Chess congress, Ormskirk England 2005. See htt...

Chess congress, Ormskirk England 2005. See http://www.ormskirkchess.org.uk/ (Photo credit: Wikipedia)

One of my friends said that she was considering accelerating her 3-year old son the other day so that he starts school in September. He is October-born so would only be starting school 2 months earlier than an August-born child and he is ahead of his peers. However, I have my reservations but are they unfounded? The commonly held view is that it is not good to accelerate gifted children and that they will suffer emotionally and socially if they are put with older children but does research bear this out?

Research suggests that gifted children report more dissatisfaction if they are held back than if they have experienced some kind of acceleration. In ‘A Nation Deceived’ many studies are cited that show that accelerated children do better than non-accelerated children matched in terms of ability.

Potential Plus UK endorse the acceleration of gifted children at every age if the child is ready. They say this avoids the child becoming bored with repetitious learning and challenges them more. They also say that acceleration works better if the teachers have a positive attitude to it and if the parents are supportive.

Perhaps it depends on how gifted a child is as to whether there are benefits in accelerating them. Deborah Ruf (2005) identifies five levels of giftedness and says that the difference between children at the different levels is great. Some children may be up to six years ahead of other children whereas others are only advanced amongst their peer group. A level 5 gifted child would be able to read child and adult fiction and nonfiction by 4 to 5 years old, understand abstract maths concepts and be able to play adult level games by the time they were 3 to 4 years old. There are less that 0.1% of children at this level. A level 1 gifted child is able to read children’s non-picture books by age seven to seven and a half and is able to read two to three years beyond grade level by age seven. 10%-20% of children are gifted at level 1 (information taken from NAGC website). It may not be a problem to hold back a level 1 gifted child but a level 5 gifted child may be particularly frustrated.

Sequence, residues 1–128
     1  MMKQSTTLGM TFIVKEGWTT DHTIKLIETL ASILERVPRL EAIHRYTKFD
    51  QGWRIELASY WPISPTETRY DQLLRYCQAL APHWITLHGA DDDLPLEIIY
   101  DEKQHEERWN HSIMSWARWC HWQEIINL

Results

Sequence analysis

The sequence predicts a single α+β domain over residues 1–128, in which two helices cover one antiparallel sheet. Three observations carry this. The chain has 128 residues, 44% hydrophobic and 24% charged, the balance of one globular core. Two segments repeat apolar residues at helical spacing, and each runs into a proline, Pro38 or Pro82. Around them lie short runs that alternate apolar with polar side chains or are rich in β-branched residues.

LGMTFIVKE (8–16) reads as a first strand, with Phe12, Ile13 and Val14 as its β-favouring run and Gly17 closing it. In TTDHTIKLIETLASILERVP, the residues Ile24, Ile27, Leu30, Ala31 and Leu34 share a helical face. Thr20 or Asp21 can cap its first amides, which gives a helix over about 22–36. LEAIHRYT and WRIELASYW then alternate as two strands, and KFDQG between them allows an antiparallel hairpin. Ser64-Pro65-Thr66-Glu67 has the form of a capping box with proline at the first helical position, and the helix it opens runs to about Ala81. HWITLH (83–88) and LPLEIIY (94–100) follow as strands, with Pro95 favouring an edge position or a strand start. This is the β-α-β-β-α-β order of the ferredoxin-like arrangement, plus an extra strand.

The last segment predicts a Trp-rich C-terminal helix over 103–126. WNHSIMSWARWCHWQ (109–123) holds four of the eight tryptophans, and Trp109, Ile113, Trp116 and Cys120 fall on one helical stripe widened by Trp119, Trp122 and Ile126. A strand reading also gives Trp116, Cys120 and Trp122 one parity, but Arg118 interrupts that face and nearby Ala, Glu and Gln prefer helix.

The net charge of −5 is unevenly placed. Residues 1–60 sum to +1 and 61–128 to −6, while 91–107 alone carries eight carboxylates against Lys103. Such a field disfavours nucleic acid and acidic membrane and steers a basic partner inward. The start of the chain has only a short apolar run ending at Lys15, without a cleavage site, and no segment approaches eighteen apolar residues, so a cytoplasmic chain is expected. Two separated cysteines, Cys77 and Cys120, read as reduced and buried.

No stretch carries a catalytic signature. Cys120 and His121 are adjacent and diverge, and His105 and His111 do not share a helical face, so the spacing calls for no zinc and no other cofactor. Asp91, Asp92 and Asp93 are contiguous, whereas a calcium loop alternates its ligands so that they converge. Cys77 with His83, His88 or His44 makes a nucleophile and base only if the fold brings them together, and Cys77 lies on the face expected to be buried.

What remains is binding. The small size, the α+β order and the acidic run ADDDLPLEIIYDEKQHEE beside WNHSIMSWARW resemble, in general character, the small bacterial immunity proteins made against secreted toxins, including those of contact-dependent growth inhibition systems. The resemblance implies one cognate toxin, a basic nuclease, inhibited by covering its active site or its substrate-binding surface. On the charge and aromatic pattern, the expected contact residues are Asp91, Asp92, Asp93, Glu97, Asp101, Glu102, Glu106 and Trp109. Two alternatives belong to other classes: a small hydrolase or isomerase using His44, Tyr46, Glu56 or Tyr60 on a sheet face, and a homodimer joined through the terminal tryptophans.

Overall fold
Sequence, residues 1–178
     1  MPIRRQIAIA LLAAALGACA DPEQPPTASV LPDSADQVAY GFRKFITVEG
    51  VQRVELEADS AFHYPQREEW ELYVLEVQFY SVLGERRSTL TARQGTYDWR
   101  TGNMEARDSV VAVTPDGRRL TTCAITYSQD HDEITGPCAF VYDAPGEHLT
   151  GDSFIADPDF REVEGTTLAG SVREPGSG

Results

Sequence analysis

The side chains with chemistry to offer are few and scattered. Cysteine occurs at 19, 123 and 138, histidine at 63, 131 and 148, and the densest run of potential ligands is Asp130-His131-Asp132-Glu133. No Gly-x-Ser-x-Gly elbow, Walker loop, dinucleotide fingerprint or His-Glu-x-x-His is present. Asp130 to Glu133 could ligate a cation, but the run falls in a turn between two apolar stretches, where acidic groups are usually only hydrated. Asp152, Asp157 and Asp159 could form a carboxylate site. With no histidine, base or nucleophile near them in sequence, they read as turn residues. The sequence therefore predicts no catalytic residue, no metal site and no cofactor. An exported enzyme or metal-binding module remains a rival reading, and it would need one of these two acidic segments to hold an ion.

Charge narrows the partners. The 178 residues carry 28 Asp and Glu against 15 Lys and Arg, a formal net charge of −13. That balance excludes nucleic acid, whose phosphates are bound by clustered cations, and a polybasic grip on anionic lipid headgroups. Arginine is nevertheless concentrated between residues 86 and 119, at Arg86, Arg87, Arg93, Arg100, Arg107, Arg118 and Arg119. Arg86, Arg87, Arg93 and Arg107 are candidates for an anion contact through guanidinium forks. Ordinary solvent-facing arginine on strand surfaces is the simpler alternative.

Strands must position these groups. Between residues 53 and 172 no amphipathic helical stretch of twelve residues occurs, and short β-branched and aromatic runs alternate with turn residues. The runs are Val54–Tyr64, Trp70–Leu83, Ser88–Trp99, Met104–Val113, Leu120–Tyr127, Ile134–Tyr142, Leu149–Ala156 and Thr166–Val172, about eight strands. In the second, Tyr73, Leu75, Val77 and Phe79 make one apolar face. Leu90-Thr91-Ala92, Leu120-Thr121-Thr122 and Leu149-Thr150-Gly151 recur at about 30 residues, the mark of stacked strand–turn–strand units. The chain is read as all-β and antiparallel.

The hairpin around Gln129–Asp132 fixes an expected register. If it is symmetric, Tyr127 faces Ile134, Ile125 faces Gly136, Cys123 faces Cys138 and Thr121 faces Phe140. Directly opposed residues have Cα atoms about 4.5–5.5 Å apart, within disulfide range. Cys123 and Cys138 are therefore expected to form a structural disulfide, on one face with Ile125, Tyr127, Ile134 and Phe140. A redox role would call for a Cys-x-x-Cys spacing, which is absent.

The research suggests that I should be more open to the idea of accelerating gifted children. However, I still think that gifted children should have the opportunity, even if they are accelerated, to socialise and play sport with children of their own age. Otherwise, they may always feel smaller than their friends and it is unlikely that they would be picked for the school sports teams against bigger children. Gifted children may also be advanced in only one area such as mathematics, so it may be better for them to have other lessons such as Art or English with same-age peers. Schools may need to particularly flexible in catering for the needs of gifted children.

If I go back to my friend’s dilemma about whether to accelerate her 3-year old son or not, I would say that she has to judge at what level he is gifted to make a decision as to whether to accelerate him. I also believe that young children can benefit from play even if they are gifted so she needs to think about whether her son is still enjoying free play. Another thing she needs to consider is whether her son has the emotional maturity to deal with full-time schooling. Children may be intellectually advanced but still emotionally immature.

‘Psychology for parents: Birth to teens’ is for sale as an e-book on Amazon, Smashwords.com, Barnes and Noble, Kobobooks and Apple ibookstore.

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